Inclusion of vasectomy in family planning guidelines/strategies, regulations, or policies

In countries with formal family planning (FP) or reproductive health guidelines, strategies, regulations or policies, this indicator assesses whether vasectomies are specifically included in these documents, and to what extent. In addition, these documents should be evaluated to make sure they are technically sound, based on scientific evidence, and grounded in informed choice.

The assessment should include the extent to which the national FP strategy or policy has a strategic or long-range plan in place to increase access to and use of long-acting/permanent methods, including vasectomy. To measure changes over time, the indicator should consider only those policies developed or modified during a specific reference period, such as the last calendar year.


Document review or policy analysis for evidence that vasectomy services are included in a country’s FP or health policy documents.

This indicator can be disaggregated by stage (proposed, drafted, or adopted).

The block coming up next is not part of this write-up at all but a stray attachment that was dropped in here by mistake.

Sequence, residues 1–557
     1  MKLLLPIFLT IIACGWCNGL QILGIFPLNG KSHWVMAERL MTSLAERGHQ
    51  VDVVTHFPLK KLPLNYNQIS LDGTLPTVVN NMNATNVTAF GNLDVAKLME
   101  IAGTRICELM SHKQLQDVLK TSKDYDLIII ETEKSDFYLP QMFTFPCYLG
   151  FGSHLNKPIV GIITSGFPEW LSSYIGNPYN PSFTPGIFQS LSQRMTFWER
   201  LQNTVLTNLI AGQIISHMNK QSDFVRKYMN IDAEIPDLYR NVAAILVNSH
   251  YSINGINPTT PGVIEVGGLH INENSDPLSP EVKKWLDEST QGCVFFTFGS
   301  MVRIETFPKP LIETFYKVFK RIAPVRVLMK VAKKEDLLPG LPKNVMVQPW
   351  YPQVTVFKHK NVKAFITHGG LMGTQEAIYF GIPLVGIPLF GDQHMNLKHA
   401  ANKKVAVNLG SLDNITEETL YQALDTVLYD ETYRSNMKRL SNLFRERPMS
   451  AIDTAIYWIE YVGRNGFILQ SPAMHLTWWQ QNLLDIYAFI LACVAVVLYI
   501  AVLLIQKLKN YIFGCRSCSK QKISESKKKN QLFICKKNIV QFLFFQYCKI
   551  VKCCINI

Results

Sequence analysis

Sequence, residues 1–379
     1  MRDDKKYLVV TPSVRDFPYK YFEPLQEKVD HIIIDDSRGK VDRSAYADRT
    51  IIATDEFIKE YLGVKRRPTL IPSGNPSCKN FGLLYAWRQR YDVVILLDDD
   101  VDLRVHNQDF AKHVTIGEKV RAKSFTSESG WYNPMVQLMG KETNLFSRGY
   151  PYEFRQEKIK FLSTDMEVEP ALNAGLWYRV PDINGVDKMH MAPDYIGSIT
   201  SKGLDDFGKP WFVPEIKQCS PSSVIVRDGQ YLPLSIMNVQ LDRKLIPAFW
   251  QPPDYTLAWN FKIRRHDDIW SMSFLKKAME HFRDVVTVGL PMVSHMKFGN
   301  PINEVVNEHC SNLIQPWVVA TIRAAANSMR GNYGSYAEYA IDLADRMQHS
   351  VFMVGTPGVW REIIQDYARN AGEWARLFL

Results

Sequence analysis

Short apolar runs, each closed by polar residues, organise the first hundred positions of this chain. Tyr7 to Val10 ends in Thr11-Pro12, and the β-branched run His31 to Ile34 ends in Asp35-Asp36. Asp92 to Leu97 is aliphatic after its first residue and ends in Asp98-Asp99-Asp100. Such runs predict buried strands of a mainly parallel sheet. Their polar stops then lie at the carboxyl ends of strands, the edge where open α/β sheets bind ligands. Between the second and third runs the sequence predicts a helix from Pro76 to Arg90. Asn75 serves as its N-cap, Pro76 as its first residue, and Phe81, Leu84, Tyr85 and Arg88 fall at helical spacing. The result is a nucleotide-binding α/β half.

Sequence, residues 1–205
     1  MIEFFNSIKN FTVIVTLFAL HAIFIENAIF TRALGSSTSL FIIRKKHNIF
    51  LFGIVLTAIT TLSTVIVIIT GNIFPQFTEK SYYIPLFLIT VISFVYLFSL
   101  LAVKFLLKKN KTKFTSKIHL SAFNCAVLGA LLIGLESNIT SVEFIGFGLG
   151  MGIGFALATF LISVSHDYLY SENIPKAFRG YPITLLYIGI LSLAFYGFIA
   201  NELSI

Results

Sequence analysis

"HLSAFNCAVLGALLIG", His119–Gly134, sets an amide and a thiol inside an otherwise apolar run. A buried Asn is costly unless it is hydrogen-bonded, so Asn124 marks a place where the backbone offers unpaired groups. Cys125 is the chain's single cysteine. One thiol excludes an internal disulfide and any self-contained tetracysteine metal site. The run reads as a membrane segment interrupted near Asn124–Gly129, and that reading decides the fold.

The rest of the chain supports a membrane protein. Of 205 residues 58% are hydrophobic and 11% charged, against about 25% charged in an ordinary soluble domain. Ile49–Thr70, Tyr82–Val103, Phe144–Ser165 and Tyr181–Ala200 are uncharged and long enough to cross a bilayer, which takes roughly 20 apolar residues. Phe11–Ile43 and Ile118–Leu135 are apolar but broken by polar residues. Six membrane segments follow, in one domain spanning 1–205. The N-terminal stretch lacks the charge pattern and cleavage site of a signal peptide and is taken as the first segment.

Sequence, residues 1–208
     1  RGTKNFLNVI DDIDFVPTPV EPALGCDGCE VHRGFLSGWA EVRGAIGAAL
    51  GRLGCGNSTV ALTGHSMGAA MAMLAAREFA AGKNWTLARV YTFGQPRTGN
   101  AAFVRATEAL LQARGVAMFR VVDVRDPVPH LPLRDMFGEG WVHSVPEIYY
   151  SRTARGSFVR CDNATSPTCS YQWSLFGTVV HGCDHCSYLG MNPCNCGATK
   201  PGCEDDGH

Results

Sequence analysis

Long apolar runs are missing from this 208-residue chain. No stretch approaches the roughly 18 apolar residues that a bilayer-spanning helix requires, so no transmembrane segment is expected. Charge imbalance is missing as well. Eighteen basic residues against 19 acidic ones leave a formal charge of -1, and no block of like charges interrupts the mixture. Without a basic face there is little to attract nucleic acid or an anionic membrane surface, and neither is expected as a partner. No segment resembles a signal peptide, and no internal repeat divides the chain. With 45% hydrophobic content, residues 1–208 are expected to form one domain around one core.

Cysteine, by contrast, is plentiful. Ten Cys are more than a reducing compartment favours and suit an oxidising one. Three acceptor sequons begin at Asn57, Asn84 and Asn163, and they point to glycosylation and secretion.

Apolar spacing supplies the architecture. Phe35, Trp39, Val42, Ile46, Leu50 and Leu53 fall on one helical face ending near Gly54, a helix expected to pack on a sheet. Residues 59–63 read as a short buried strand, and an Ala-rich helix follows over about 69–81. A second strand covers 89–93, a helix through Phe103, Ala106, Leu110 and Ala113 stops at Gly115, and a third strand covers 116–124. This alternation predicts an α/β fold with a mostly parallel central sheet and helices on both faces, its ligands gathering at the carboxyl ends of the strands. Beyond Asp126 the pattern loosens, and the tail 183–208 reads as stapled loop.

Actual guideline, strategy, regulation or policy document with evidence of approval (or submission for approval). They appear in constitutional provisions; legislation; implementing rules and regulations; executive orders; ministerial level decrees, and other measures of a regulatory nature (including related regulations and enforcement mechanisms); official goals and plan programs; statements and other formally documented government directives; standards; guidelines; and decrees.

A content analysis of the documents should include level (e.g., national, provincial, district).


The inclusion of vasectomies in formal policy statements reflects a country’s recognition of and commitment to effective FP options. It also signifies a recognition of male involvement in FP.


Macro-level policies, laws, councils, and programs do not guarantee vasectomy service availability and quality. Therefore, it is strongly recommended that any policy review include operational policies such as standards of practices, codes, regulations, protocols, etc.


family planning, long-acting/permanent methods (LAPM), policy, male engagement
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